A good reputation attracts talent to a company. Company culture is set by the leadership. Since starting FrauenLoop, my students ask about companies’ culture more than their tech stack or their VC investment; they ask about how people are treated and what kind of environment they have.
Key takeaway: Standards and processes create an inclusive environment by clearly stating company culture, sharing responsibility for it and providing an automatic safety net.
What can HR do to develop a diverse leadership?
Standardise frameworks for career ladders. Create a solid feedback structure. Hire juniors. Develop the people you have. — Lena
Retention is a big problem. The resistance to hiring juniors is puzzling because they often have high commitment and a high retention rate. Creating an inclusive environment to attract and retain diverse junior developers allows them to grow into a diverse leadership.
One of the biggest benefits of being a senior developer, which I’ve often witnessed in FrauenLoop, is the great satisfaction of growing juniors. Companies should pitch the symbiotic relationship of junior and senior more.
Having executive teams and mentors to look up to who are diverse is good for attracting and retaining junior developers.
Key takeaway: Set out a standard path for all juniors to succeed to a senior level. Better yet, encourage this through mentorship and leadership training.
Do quotas help diversity?
Quotas that drive diversity at all levels can be useful. But not when they’re used as the solution: quotas as a box to tick (after which the work on diversity and inclusion ends) is what we’re trying to avoid. Rather, we need to put in place roadmaps and models for what successful and diverse organisations look like.
People can feel that they or their colleagues have been hired on the basis of a quota.
It is maybe unsafe for us to dismiss quotas when there’s direct evidence that people may otherwise be missed out. In Germany there are quotas for hiring disabled people and the statistics for people with disabilities in employment are good compared to other countries which don’t have this.
Key takeaway: Quotas can be additional stimulants for diverse hiring but must not stop diversity efforts once they are ‘filled’, or substitute inclusive culture.
How can the topic of diversity be challenged internally with a non-diverse C-level and no budget for D&I?
When dealing with a homogenous group, one strategy is to find an ally of the cause in that hierarchy so that you are not alone. Lean heavily on statistics and business cases.
Diversity encourages innovation and brings more money. D&I encourages staff retention, and recruitment is expensive.
Use these arguments and find allies within the business.
Presenting examples of failure is important. There are many products which haven’t worked or actually caused damage because the developing teams weren’t diverse.
Key takeaway: Powerful leverage comes from the business case and allies in management.
How do you deal with companies who are not inclusive and not interested in diversity?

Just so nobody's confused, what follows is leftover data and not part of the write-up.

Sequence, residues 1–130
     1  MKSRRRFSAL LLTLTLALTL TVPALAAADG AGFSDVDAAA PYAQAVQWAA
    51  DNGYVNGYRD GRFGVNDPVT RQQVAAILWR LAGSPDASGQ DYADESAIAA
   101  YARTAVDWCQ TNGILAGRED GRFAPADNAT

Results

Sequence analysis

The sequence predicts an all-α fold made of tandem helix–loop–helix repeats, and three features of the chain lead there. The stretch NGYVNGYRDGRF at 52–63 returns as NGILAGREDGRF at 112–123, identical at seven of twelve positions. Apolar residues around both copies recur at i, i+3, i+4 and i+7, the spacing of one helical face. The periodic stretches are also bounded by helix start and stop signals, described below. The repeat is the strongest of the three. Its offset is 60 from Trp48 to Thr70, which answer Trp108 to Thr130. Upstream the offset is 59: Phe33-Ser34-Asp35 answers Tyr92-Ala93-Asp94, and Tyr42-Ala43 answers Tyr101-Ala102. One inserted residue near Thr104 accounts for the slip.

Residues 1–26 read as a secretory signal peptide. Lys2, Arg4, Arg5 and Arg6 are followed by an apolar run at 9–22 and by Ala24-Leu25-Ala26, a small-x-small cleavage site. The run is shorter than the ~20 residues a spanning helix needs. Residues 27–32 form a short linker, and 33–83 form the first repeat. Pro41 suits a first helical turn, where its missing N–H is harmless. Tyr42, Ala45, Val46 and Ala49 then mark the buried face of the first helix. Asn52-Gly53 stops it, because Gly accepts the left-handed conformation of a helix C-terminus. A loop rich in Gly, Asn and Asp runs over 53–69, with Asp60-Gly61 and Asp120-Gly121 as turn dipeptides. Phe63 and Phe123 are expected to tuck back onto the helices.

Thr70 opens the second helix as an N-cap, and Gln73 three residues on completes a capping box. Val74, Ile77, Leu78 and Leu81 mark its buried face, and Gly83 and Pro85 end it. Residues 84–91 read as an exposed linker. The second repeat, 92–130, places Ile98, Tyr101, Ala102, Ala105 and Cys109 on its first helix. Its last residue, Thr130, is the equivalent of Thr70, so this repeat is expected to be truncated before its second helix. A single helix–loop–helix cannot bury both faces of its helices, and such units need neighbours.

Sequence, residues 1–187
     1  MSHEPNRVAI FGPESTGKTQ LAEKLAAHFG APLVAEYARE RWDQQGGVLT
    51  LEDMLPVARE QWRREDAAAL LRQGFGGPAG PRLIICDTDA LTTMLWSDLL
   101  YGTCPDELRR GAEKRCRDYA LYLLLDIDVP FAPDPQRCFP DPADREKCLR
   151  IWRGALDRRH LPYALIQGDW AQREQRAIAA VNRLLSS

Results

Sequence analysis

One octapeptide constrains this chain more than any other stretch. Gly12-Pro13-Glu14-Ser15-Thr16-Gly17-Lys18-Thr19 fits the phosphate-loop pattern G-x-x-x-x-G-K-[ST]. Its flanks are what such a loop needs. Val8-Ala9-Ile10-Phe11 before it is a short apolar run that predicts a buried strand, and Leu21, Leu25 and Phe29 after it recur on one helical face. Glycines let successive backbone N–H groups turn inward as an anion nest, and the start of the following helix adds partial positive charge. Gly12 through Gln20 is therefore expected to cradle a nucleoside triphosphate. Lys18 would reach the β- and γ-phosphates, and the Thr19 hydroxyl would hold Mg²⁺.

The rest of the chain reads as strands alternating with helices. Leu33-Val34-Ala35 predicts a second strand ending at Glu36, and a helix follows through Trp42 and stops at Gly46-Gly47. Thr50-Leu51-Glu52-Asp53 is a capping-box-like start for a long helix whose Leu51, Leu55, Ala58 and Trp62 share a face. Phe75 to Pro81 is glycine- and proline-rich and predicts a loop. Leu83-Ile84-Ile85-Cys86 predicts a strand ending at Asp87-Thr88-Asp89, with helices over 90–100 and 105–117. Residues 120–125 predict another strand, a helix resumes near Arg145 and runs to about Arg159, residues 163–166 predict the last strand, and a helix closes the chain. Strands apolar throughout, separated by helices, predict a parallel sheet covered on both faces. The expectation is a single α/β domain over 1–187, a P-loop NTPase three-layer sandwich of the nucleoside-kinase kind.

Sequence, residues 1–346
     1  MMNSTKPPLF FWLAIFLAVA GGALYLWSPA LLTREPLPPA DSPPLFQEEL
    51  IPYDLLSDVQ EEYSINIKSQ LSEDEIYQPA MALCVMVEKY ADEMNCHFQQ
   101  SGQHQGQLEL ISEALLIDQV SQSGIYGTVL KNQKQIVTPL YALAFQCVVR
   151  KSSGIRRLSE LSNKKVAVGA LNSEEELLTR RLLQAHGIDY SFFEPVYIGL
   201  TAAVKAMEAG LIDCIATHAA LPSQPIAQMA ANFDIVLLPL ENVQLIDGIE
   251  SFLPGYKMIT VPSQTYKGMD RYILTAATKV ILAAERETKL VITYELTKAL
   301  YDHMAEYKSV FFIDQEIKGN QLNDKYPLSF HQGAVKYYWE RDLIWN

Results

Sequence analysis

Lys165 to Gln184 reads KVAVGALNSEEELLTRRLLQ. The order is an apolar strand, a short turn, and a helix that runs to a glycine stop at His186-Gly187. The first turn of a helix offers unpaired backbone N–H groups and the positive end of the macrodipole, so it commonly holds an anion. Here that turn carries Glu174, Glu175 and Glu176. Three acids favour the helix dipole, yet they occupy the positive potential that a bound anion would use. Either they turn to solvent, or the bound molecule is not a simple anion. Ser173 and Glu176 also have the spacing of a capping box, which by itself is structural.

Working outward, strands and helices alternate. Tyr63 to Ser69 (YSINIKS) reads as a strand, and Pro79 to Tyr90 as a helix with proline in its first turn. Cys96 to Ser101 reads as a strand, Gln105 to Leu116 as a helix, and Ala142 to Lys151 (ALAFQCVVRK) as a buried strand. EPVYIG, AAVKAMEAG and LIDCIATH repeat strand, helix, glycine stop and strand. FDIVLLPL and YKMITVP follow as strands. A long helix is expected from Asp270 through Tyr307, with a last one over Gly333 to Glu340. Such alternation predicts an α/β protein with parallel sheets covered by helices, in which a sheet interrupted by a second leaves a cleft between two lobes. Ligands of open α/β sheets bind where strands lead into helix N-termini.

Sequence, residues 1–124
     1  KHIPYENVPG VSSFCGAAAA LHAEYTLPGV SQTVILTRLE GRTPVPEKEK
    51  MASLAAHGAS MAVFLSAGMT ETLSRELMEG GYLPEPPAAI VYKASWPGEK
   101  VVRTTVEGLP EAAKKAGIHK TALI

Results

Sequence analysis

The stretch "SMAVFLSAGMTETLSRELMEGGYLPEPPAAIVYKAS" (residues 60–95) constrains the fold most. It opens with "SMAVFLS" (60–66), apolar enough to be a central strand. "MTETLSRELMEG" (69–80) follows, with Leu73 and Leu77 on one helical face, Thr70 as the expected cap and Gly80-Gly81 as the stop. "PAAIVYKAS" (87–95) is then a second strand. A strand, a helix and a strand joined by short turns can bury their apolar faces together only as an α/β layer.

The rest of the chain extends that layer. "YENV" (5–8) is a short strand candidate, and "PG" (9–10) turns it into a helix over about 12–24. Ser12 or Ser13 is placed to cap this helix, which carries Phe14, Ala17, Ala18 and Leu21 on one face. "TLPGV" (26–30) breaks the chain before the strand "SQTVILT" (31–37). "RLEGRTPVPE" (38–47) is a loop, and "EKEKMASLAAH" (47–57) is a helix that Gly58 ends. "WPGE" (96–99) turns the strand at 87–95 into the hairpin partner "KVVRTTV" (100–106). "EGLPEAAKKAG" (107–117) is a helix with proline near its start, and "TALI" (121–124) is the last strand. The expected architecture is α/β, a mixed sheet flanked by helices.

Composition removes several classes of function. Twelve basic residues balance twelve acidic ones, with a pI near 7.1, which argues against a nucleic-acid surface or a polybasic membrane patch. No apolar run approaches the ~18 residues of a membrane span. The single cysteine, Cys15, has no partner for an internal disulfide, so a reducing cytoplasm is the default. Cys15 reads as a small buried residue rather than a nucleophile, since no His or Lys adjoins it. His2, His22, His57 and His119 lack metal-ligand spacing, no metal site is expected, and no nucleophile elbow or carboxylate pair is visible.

Advocate for yourself and share with other people in your community. In reality often the recruitment process itself can be simply terrible, and not just your experience of it. Feedback is super-important to change this.
Given the power-imbalance you face when applying, it can be really hard to give feedback. Find mentors and support in your community, as well as in other companies.
There are a lot of blind spots; people often don’t mean to be exclusive — they simply need a change in perspective.
Key takeaway: Be vocal! Give feedback of your experience and consult others within your community for support.
How can we educate teams in office culture? What about implementing workshops?
A lot of intercultural trainings simply reaffirm stereotypes. Point out commonalities and allow your team to identify unconscious biases.
As a proud disabled person I think we shouldn’t focus on connecting only over commonalities. Some of the differences that we have need to be addressed in order to see barriers removed.
Workshops can be very useful; they need to be very goal-orientated and on skills that you use daily.
Hold them at regular intervals and not just as part of an on-boarding process employees need to get through.
I think role play is a strong tool for empathy and interaction.
Role playing different positions in the organisation gives you the opportunity to understand perspectives you wouldn’t usually register.
Key takeaway: Education and reflection should be integrated into a long-term workflow and which directly impacts how teams communicate.
Finally, aside from everything we learned, this event proved to be a total success 💯 when we read this:
“I got a new perspective about that topic and learned a lot. Now we will definitely push diversity and inclusion in our company.”
Many thanks to everyone involved in organisation and attendance! Especially to our panellists Inka Kretschmer, Katy Peichert, Diana-Alina Serbanescu, Nakeema Stefflbauer, Jen Bell, Lena Reinhard, Jamie Szymkowiak, and ReDI School of Digital Integration, our partners in this event 🙌
💡 Want to know why D&I is such a challenge for the Tech HR community? Look no further than Part 1: Diversity and Inclusion 101
🎙️ The audio recording can be found on Youtube
P.S. Check out the event album on our Facebook! 📷
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We held HR4diversity, fostering diversity in the workforce on Thursday 5th July 2018 at Oberhafenkantine, Berlin.